The agency is neither encouraging nor discouraging the use of this typeface. The agency has not changed its position with regards to this interpretation. NYDEC said it is unclear if vehicle make would become more difficult to obtain if the agency's proposal is finalized as written.

If moving the vehicle make from the first to the second section of the VIN has an impact on State regulatory programs, the AAMVA would presumably have discussed that matter with the committee. The agency does not believe that moving vehicle make from the first to the second section of the VIN will have any impact on the availability of this information to state programs.

The agency is therefore taking no action today in response to this comment.

Vehicle Identification Number Requirements

Harold R. We do not believe that it is necessary to adopt the use of symbols at this time. The changes proposed in the petition and those adopted in this final rule provide a sufficient number of unique VINs to assure the continued existence of the current VIN system, with the use of only numeric and alphabetic characters, for at least 30 additional years.

Section The agency is not aware of driver facing VIN plates creating unworkable difficulties in any broad category of other situations. As such, the agency is not specifying the direction in which the VIN plate must face in this rule. Because there are so few manufacturers in this category and the market is relatively small, a manufacturer, at least under the current Part with its vehicle dividing line between small and large manufacturers, may one year be a small manufacturer and the next a large manufacturer.

As a small manufacturer under current Part , it is required to use a six character manufacturer identifier. As a large manufacturer, it is required to use a three character manufacturer identifier. Prevost recently became a large manufacturer under the current Part and is concerned that it might have to return to using a small manufacturer identifier and change its whole VIN structure. It urged that the dividing line between low-volume manufacturers and high-volume manufacturers be set at a threshold lower than the current vehicles for manufacturers of vehicles greater than kg GVWR.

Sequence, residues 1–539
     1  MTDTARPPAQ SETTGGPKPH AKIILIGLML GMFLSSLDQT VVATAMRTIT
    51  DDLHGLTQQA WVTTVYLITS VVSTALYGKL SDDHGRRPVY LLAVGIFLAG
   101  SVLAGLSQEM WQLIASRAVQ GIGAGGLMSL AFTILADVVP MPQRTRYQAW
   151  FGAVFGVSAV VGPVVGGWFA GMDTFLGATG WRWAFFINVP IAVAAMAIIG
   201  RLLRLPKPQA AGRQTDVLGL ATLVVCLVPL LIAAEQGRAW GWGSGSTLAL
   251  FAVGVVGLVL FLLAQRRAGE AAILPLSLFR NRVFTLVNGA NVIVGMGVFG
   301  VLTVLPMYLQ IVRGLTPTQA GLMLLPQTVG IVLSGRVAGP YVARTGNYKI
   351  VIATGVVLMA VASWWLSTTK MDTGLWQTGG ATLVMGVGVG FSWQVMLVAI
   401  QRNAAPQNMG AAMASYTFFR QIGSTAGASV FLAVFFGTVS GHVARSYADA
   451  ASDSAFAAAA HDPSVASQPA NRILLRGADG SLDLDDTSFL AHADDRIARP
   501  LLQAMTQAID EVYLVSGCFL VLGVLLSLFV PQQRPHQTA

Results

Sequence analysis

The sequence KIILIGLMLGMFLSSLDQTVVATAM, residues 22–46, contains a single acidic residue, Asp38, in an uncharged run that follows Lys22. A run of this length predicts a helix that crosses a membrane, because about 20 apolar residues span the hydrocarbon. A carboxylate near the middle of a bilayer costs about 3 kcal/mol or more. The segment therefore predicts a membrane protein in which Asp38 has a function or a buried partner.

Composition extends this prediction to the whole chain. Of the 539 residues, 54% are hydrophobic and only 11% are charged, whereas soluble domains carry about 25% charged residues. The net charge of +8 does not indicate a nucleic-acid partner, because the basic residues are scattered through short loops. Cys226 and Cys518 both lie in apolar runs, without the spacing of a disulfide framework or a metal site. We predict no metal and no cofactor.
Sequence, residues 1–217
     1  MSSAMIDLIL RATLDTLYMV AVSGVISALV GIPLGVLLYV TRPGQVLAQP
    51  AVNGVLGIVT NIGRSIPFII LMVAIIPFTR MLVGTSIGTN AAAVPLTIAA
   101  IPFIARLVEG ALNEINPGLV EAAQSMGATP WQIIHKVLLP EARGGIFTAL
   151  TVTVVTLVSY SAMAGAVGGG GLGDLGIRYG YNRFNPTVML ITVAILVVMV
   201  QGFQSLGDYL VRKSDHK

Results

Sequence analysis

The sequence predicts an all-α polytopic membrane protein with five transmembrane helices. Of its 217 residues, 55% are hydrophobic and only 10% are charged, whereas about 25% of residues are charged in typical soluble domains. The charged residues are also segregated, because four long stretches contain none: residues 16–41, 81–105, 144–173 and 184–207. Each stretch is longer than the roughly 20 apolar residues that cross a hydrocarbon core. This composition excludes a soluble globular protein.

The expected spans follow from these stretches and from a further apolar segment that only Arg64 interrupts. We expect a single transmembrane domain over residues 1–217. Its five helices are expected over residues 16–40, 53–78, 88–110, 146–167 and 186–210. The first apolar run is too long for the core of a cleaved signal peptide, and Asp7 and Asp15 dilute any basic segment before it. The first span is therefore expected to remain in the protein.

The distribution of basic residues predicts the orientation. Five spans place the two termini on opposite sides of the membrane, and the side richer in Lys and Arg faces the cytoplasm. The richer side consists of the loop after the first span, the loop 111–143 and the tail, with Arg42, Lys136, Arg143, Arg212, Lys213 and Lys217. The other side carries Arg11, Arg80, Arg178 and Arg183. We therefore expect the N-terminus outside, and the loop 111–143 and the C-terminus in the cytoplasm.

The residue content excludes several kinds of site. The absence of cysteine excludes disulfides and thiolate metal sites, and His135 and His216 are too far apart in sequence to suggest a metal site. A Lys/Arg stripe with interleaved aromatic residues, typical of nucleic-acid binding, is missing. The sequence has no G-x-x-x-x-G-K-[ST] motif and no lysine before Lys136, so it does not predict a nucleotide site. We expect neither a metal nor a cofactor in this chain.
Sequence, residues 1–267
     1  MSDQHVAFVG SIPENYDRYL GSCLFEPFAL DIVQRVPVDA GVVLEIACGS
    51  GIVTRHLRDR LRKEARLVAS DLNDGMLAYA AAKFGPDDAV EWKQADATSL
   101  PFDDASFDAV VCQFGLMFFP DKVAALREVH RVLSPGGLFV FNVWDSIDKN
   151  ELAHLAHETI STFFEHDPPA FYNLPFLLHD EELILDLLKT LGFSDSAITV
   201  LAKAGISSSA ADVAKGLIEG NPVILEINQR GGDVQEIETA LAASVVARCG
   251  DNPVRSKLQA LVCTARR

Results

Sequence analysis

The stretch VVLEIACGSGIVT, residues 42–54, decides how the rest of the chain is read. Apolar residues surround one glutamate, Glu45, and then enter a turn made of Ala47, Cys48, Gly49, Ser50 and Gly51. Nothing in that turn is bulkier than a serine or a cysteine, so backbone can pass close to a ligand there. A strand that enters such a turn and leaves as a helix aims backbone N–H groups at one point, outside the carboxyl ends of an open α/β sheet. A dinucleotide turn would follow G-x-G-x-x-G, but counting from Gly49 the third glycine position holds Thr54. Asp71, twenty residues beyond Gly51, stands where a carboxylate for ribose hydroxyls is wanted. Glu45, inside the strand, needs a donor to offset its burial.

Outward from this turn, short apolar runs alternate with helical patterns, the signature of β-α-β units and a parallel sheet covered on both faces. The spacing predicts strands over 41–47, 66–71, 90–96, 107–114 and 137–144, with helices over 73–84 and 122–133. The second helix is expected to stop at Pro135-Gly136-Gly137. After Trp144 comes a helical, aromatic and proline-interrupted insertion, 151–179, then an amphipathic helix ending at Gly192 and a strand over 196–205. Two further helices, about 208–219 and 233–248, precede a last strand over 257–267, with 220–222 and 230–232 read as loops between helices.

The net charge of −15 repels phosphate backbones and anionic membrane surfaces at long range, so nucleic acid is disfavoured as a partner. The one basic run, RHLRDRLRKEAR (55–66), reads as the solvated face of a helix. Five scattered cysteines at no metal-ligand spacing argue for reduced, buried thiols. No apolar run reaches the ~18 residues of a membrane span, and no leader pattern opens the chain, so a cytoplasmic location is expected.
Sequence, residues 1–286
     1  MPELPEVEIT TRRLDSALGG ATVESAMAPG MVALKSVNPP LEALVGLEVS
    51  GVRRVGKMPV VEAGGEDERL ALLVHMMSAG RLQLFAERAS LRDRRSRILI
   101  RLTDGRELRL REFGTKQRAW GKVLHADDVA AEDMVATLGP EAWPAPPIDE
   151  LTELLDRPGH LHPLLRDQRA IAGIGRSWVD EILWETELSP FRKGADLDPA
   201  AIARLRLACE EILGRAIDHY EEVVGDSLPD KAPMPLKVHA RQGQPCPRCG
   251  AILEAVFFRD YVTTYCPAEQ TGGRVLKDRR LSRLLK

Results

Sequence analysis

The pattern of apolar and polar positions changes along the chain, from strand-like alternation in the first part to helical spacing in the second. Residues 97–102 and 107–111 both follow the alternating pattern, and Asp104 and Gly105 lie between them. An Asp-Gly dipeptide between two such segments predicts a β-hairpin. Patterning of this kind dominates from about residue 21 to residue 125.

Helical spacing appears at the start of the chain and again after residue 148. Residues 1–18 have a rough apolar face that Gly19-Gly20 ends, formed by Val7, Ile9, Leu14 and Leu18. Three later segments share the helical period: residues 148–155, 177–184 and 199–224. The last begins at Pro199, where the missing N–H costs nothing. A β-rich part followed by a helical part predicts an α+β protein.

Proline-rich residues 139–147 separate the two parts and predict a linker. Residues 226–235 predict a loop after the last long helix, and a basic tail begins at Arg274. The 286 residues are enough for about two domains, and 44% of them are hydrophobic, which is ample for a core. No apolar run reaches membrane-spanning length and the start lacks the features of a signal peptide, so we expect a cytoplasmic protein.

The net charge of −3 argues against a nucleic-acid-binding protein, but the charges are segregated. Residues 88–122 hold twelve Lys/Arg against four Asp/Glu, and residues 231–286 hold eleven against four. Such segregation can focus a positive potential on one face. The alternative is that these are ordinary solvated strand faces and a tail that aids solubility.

Prevost is principally concerned that it have one consistent approach to VINs and not have to switch between low-volume manufacturer VINs and high-volume manufacturer VINs.

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However, the agency believes that if we lower the threshold between low-volume manufacturers and high-volume manufacturers, such an action would jeopardize the limited supply of manufacturer identifiers for high-volume manufacturers, which was one of the driving concerns for the petition that initiated this rulemaking and for the agency's proceeding with this rulemaking. If, after the implementation of this final rule, there continue to be manufacturers that vacillate between low-volume and high-volume status, the best place to address this will be in the administration of the VIN system.

In this way, NHTSA can better monitor the supply of large manufacturer identifiers and be sure that they are issued only in situations where it is appropriate to do so. There were numerous comments concerning the effective date of the final Start Printed Page rule, particularly the need for the final rule to be implemented quickly with a clear indication that it applies to all model year vehicles. One commenter said the revised Part should apply to model year vehicles regardless of when they are manufactured.

TMA also urged quick adoption. NICB provided detailed comments that focused entirely on the issue of effective date. If the agency allows the VIN to become anything other than a truly unique identifier, it will cripple enforcement of the Anti-Car Theft Act, the Motor Vehicle Safety Act, the Imported Vehicle Safety Compliance Act and a host of other Congressional mandates to protect Americans from car theft, salvage fraud and death or injury on the nation's highways.